Managers account for at least 70% of employee engagement scores - they can actually negate the positives of learning and development programmes. (2)
6. Involve managers
The biggest challenge for L&D is getting employees to take time for learning. Involving the managers is by far and away your best strategy for achieving this as they are one of the biggest drivers of employee engagement. 2 out of 3 employees say that they would be motivated to learn if their direct manager was involved. We can’t know this and not do everything in our power to make sure managers are involved and supporting learners in the workplace.
Managers are generally time poor, constantly prioritising where to focus their attention for optimum impact. It’s important that you do not accept this as an excuse, but rather see it as a challenge to make it as easy as possible for them to get involved.
They will be aware of the context of the learning and what role they play in it from your communications strategy. Develop straightforward tools that help them have the right conversations with their employees at the right time without the need for time-consuming preparation e.g. suggest the questions they can use to discuss learning and agree how it can be applied, develop observation tools that will help them provide feedback and coaching to embed learning, structure a team briefing for them to focus the whole team on applying their learning and supporting each other.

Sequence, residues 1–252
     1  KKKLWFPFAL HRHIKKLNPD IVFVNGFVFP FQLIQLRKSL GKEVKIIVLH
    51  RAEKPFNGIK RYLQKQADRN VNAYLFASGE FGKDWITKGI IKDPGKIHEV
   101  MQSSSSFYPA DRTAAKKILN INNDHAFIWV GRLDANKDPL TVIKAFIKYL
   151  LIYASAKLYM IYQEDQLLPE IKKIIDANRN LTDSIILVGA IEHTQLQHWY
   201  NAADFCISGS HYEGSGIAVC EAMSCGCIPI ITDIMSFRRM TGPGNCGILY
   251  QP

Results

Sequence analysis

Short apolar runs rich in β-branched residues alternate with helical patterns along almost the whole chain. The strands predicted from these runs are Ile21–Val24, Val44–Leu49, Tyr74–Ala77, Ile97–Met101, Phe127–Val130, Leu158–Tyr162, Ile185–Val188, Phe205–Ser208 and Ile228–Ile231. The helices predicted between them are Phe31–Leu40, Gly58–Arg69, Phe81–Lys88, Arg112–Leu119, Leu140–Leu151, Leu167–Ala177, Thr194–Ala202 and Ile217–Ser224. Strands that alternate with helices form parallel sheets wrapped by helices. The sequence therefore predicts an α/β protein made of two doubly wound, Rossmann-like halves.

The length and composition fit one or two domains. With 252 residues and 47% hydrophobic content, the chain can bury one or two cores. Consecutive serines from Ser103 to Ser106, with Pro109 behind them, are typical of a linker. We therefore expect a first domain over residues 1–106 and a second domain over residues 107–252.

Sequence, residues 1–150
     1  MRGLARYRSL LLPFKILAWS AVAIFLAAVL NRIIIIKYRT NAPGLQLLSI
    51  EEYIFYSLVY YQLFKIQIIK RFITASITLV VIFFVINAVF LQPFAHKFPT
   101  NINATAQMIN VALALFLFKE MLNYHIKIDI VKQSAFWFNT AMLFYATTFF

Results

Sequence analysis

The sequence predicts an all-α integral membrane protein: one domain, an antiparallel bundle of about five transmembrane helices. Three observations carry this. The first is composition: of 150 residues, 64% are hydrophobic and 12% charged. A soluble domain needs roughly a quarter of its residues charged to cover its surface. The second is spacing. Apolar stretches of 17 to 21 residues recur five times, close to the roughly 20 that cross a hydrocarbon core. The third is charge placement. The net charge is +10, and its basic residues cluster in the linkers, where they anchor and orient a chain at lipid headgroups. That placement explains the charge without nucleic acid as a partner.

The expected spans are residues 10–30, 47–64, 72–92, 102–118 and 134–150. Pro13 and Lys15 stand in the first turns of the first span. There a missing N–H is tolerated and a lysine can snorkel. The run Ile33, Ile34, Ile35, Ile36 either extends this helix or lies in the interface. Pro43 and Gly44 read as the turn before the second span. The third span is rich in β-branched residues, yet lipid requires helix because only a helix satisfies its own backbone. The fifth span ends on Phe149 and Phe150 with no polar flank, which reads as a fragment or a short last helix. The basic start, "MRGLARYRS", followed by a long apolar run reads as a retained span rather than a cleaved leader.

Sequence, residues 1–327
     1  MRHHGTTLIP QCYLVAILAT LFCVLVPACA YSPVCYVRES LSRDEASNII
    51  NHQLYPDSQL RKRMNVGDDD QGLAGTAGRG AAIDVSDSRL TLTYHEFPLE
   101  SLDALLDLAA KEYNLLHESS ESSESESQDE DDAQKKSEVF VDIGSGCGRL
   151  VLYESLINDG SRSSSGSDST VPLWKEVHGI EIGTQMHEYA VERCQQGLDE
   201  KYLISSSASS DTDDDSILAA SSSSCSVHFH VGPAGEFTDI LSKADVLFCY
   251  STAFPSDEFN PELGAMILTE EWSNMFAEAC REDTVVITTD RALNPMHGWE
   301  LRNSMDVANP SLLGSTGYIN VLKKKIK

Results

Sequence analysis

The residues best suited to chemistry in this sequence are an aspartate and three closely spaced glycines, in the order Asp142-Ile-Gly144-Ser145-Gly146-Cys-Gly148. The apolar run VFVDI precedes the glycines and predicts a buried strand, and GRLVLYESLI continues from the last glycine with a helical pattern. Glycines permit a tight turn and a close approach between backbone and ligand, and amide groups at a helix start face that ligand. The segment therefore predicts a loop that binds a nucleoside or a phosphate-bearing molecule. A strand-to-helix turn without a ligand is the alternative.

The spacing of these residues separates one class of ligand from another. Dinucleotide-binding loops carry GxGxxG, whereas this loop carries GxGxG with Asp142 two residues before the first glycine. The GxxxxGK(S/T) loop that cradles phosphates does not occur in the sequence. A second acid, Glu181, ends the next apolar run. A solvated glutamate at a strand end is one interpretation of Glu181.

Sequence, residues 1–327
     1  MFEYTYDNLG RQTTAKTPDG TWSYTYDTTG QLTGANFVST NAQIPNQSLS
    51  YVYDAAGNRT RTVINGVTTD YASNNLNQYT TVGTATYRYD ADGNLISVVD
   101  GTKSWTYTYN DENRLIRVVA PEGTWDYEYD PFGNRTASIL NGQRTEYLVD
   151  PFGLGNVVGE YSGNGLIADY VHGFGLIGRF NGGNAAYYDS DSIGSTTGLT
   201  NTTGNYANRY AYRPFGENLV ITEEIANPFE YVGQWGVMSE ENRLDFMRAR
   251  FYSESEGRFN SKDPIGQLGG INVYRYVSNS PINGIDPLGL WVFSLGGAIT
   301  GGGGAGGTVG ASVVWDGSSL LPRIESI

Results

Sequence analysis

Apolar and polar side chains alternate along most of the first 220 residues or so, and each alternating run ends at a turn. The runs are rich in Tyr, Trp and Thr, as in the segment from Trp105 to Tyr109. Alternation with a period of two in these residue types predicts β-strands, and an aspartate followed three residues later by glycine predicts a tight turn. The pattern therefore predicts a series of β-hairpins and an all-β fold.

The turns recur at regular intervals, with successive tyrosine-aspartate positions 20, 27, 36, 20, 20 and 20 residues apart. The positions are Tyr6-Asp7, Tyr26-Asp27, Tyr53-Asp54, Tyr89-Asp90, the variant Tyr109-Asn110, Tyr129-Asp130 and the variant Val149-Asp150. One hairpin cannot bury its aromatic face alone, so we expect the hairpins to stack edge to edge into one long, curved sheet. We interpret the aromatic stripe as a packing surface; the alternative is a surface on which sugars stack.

Perhaps the simplest way to achieve this would be to ask the learners what support they would like from their manager and ask the manager what support they would like to give and what will help them achieve this.
7. Evaluate impact
Evaluation is your superpower. It is what enables you to report back to the business whether the training delivered on expectations and if not, in what ways it fell short. Never underestimate the critical importance of this.
We already know that only 3% of training delivers an organisational impact, so if your training falls within this 3%, you want to be able to shout about it and get the recognition you deserve. Conversely, if your training falls short, without robust evaluation, the assumption will be that the training you provided wasn’t very good.